Tagstrip mall

Milwaukee Avenue versus Elston Avenue

I moved to Avondale (north of Logan Square) in the final weekend of January 2011. I didn’t want to abandon Bridgeport but I didn’t want to find a new roommate and a great opportunity opened up. I miss Bridgeport.

So now my daily riding to friends’ houses, bars, clubs, UIC, or the library, happens most often on Milwaukee Avenue. Both are diagonal streets but I live 1.6 kilometers from Milwaukee Avenue and 350 meters from Elston Avenue. To be more efficient, I should more often ride on Elston Avenue.

So why do I prefer Milwaukee Avenue? In response to a thread on The Chainlink, “Milwaukee v. Elston,” I posted a photo essay with each photo documenting and describing problems that collectively are unique to Elston Avenue. The series starts with a photo of the Ashland/Elston/Armitage intersection and moves northbound through the Elston Avenue Strip Mall Zoo* ending at Diversey and Western Avenues.

Riding through this intersection is like being a gazelle in a savannah with hungry lions. At least for 340 feet. There are so many opportunities to get hit by a car, especially going northbound right before reaching Ashland Avenue (not pictured).

View the rest of the photos in “Why I don’t like riding on Elston.”

*Strip malls are terrible urban design. They’re inhospitable to everyone, even those who drive. At some point every visitor will be walking through a parking lot to get to the front door, risking life and limb, breathing fumes, and walking through leaked automobile oil.

Afterword: The Chicago bike crash map shows few crashes on Elston Avenue relative to Milwaukee Avenue. But the number of people cycling on Elston Avenue is unknown – we cannot make a comparison.

Diversity in business and buildings

One of Jane Jacobs’ key points in her works tells about the need for diversity in neighborhoods: choices and options in housing, jobs, natural and gathering spaces, and entertainment. As lives and lifestyles change, people aren’t forced to move or move out. Urbanophile touched on that in part two of “Building Suburbs That Last.”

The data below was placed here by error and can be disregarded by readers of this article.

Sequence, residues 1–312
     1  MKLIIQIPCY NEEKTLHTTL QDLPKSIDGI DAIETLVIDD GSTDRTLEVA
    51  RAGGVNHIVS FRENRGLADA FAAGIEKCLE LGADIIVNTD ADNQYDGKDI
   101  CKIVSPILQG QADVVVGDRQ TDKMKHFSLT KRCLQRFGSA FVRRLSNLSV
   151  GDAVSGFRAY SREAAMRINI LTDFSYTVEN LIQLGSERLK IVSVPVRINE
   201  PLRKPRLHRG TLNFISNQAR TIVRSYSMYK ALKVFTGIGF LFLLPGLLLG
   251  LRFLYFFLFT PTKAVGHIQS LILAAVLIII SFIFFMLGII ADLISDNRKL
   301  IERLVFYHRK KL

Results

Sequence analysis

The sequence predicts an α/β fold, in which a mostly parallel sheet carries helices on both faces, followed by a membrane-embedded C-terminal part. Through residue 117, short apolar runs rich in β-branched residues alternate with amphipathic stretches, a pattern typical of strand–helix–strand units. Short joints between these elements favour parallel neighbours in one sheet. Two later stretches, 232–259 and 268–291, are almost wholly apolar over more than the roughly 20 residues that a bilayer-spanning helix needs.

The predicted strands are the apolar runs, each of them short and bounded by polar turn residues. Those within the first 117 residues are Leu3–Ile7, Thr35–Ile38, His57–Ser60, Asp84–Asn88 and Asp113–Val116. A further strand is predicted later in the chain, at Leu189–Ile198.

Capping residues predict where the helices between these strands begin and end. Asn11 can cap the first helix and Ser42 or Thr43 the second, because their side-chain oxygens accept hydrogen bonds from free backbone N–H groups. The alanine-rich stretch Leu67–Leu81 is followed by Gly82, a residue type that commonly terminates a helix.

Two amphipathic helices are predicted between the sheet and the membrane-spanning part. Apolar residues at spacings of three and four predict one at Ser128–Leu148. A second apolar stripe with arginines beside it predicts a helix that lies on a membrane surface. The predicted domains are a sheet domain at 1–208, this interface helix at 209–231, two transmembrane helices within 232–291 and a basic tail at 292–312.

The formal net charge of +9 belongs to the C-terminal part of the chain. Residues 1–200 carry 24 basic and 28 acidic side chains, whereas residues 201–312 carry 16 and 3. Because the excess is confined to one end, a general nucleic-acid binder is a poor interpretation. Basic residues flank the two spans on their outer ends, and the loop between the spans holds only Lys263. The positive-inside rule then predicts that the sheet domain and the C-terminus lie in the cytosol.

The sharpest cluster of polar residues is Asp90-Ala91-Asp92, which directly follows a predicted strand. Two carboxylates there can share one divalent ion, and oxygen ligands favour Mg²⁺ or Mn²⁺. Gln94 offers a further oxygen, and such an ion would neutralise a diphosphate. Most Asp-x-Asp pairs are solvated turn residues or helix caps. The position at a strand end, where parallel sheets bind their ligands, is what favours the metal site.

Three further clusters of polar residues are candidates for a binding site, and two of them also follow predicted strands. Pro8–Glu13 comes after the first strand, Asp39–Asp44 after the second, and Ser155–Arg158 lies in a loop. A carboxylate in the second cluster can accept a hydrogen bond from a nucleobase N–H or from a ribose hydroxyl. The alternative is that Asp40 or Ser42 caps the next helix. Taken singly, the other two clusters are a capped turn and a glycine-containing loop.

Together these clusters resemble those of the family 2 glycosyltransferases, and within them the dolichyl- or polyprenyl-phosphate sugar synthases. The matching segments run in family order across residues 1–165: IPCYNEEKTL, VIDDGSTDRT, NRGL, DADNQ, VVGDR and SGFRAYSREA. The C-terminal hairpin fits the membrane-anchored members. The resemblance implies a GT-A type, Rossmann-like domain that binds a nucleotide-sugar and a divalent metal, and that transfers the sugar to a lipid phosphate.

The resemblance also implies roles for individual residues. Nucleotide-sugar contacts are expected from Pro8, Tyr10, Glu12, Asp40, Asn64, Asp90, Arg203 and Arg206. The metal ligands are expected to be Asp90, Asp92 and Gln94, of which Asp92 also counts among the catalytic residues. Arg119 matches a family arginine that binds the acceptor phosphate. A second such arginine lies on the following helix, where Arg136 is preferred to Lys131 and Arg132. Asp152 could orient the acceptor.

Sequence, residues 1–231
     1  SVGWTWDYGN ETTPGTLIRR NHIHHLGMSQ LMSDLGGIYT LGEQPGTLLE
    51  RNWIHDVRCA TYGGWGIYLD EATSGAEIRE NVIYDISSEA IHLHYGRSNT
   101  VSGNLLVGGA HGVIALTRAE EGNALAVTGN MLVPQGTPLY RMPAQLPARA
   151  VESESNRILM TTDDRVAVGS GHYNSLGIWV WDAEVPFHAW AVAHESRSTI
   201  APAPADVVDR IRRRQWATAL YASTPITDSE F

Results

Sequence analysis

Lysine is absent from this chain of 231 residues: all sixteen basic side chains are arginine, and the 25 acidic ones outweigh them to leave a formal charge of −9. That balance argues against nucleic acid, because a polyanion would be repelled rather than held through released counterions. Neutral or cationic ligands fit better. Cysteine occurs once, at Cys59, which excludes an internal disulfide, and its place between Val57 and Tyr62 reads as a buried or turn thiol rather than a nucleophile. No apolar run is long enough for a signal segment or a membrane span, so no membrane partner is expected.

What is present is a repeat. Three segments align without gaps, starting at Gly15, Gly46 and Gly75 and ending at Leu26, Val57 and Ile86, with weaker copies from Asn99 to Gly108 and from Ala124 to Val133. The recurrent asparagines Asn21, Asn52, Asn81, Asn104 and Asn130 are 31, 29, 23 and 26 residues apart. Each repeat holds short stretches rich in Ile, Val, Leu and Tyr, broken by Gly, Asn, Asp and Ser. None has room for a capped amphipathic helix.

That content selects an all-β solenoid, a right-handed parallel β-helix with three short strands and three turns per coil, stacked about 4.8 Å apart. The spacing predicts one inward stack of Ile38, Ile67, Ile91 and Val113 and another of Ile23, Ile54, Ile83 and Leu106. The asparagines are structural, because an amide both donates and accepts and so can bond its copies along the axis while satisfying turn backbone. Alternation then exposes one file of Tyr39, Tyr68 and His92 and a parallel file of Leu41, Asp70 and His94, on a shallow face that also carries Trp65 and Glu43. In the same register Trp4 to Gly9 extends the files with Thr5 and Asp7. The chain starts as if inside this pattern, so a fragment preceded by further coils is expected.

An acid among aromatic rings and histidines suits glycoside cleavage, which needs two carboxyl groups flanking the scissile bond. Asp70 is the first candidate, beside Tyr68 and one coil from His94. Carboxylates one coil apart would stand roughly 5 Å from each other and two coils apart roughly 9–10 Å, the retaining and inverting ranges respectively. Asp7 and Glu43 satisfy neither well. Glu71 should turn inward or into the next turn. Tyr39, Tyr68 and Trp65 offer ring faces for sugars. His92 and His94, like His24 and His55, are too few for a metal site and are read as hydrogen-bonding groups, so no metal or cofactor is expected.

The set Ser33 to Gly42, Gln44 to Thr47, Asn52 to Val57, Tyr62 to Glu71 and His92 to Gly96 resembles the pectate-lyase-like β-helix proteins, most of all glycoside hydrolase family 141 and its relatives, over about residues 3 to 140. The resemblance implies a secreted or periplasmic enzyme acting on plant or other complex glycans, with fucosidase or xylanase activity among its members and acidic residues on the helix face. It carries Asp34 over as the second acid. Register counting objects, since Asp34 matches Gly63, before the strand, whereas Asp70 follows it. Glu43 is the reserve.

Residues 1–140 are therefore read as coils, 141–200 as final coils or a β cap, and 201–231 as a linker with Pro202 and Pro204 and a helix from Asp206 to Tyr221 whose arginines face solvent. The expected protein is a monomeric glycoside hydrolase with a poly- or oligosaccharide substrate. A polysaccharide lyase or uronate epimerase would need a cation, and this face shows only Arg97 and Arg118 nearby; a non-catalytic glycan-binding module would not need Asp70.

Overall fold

This should sound familiar to you since it is exactly how Jane Jacobs described a healthy city neighborhood. She says it better than I ever could: “Flourishing diversity anywhere in a city means the mingling of high-yield, middling-yield, low-yield and no yield enterprises.” And, “Time makes the high building costs of one generation the bargains of a following generation. Time pays off original capital costs, and this depreciation can be reflected in the yields required from a building. Time makes certain structures obsolete for some enterprises, and they become available to others.”

“Turnover Plaza,” a photo by PJ Chmiel.

I don’t believe that Jane’s discussions will convince any banker, economist or developer. For those arguments, you’ll have to refer to the rest of Aaron’s article on how smart, commercial land use development occurs in order to create sustainable suburbs. You should refer to paragraphs like:

If you having nothing but high value buildings, no one but national chains can afford to invest. If you have nothing but low value buildings, no one wants to. It is important to have a mixture of buildings, supporting a mixture of uses, mixture of high, medium and lower values uses, and both national chains (which bring much good with them) and indigenous business. It is this diversity that again helps to mitigate against the failure of any one element. And also provides room for the local business that is both committed to the town and a source of at least some independent economic life.

Where else does diversity give an advantage?

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